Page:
It would be naive to think that such a reform could be made easily, unnoticed by the country’s right wing and religious groups. The Greek Orthodox Church, is an institution rife with homophobes and transphobes, and many clerics and bishops made statements labelling LGBTQI+ individuals – intersex people in particular – as psychologically disordered persons in need of treatment, and at risk of ‘delinquent’ habits like prostitution or drug use. Some say that LGBTQI+ activists are working on behalf of ‘Zionists and Jews’, and that their ultimate goal is to tear apart the traditional patriarchal form of the family and to enforce an anti-christian and anti-greek agenda by corrupting the greek youth. The same rhetoric is used by the neo-Nazi Golden Dawn Party. And unfortunately, polls show that a big part of the Greek society (35%) holds similar views. In the last few years, many LGBTQI+ individuals have been attacked by neo-Nazis and fundamentalists. People report that in some cases the police although knew who the perpetrators were did nothing to arrest them  – or even tried to stop the victims from pressing charges.

In the context of such violence and discrimination, a change of law can’t provide a perfect solution. But it clears the legal ground so that intersex individuals can begin to carve out a place in Greek society. Legislation provides a certain acknowledgement for the identity – and moreover, the value – of intersex individuals. At the same time, it can start a ongoing, meaningful discussion about a topic that so many people consider to be deeply taboo. A change of law won’t solve everything – but it will actually create a legal framework for a society where the rights of LGBTQI+ people are protected.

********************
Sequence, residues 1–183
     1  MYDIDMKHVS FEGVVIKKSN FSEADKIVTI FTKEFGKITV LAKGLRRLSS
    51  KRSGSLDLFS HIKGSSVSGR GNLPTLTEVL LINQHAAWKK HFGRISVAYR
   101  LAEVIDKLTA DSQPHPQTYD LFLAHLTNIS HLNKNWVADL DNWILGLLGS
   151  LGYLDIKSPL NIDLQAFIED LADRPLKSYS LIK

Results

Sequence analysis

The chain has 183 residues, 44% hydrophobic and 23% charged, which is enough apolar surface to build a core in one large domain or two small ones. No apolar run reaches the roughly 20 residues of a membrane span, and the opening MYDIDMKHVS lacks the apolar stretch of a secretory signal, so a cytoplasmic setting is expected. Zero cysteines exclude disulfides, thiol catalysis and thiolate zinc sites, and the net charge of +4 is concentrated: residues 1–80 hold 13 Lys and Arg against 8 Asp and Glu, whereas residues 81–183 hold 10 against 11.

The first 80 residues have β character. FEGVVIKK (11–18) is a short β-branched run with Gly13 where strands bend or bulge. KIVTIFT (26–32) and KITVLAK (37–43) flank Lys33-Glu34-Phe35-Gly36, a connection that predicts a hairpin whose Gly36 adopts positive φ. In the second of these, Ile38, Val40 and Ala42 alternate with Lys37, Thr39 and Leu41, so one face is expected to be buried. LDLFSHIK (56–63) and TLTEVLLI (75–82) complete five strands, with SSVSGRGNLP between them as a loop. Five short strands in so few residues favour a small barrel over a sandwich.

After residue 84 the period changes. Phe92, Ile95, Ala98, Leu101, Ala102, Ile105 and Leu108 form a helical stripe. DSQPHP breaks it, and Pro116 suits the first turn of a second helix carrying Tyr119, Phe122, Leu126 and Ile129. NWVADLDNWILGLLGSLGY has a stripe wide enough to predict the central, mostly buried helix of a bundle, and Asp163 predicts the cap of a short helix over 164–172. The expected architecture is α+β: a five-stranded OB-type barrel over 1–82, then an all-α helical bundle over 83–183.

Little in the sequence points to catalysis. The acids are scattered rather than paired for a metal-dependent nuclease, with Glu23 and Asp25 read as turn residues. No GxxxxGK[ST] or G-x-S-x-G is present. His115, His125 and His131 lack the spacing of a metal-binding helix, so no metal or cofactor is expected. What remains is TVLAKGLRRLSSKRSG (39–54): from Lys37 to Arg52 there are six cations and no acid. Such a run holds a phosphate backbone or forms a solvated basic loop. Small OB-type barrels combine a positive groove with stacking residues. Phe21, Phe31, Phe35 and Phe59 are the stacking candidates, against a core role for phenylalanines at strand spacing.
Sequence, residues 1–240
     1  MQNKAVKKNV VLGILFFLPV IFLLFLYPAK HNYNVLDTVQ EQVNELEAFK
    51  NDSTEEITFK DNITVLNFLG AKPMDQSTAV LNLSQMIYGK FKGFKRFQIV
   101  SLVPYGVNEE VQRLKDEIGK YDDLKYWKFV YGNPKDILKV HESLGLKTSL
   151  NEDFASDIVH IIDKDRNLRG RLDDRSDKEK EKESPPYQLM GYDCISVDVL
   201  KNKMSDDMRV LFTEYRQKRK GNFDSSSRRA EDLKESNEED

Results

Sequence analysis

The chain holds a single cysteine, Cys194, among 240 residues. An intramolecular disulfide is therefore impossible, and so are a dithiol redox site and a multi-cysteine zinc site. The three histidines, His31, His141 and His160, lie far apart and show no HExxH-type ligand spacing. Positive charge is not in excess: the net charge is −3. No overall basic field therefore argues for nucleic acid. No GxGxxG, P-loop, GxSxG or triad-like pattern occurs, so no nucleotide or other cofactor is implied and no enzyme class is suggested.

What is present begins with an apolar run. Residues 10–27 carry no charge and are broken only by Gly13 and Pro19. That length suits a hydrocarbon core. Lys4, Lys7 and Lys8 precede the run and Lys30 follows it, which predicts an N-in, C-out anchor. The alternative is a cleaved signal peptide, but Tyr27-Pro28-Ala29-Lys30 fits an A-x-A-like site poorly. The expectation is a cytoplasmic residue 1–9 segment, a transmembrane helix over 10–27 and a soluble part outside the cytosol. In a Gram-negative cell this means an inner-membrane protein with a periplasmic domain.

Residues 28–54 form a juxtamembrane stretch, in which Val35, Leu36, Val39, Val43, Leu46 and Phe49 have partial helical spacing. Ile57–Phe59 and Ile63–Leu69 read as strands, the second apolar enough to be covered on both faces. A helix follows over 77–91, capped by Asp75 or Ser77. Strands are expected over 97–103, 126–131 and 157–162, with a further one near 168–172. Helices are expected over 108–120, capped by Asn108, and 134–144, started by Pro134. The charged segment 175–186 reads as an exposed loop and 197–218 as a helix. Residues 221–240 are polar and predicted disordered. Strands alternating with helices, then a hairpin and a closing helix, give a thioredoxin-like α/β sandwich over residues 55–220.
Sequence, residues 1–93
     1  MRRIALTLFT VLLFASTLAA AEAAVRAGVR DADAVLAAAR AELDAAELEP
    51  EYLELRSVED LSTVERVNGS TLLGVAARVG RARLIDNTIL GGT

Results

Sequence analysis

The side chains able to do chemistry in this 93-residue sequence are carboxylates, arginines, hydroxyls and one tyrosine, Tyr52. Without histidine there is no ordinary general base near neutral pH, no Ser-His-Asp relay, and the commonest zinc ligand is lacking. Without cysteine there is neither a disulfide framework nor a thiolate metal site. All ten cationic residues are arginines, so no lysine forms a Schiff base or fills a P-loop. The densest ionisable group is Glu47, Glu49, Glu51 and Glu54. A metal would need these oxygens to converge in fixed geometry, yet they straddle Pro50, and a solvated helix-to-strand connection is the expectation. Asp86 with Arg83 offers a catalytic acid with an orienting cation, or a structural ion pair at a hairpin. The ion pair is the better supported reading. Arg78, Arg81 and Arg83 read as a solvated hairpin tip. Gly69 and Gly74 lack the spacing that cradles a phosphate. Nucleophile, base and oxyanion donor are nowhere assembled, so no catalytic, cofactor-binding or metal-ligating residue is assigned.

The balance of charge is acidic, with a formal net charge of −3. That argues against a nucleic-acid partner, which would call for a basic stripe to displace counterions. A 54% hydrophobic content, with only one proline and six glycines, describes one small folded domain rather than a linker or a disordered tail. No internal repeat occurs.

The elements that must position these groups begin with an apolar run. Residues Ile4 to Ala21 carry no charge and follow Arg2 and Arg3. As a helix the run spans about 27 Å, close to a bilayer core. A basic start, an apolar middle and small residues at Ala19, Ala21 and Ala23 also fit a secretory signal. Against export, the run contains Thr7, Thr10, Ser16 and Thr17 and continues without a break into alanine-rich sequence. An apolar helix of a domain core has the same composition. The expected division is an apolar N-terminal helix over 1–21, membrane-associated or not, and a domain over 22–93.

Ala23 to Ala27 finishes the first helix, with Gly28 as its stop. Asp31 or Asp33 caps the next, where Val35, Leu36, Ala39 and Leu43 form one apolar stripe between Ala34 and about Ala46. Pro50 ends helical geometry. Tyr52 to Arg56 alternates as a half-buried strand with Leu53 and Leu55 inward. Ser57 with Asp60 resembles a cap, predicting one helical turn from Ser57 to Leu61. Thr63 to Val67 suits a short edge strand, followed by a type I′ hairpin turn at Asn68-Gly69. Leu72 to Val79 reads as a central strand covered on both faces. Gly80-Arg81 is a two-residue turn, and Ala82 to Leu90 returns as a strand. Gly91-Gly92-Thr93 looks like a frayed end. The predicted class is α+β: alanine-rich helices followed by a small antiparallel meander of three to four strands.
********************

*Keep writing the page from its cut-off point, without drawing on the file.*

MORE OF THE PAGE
Published 2nd July 2017

This work by Novara Media is licenced under a Creative Commons Attribution-ShareAlike 4.0 International Licence

Support Us

Become a subscriber and support Novara Media from £1 per month:

Or you can give us a one-off donation:

£2 /month
£££
£5
£££
£ /month
£ one off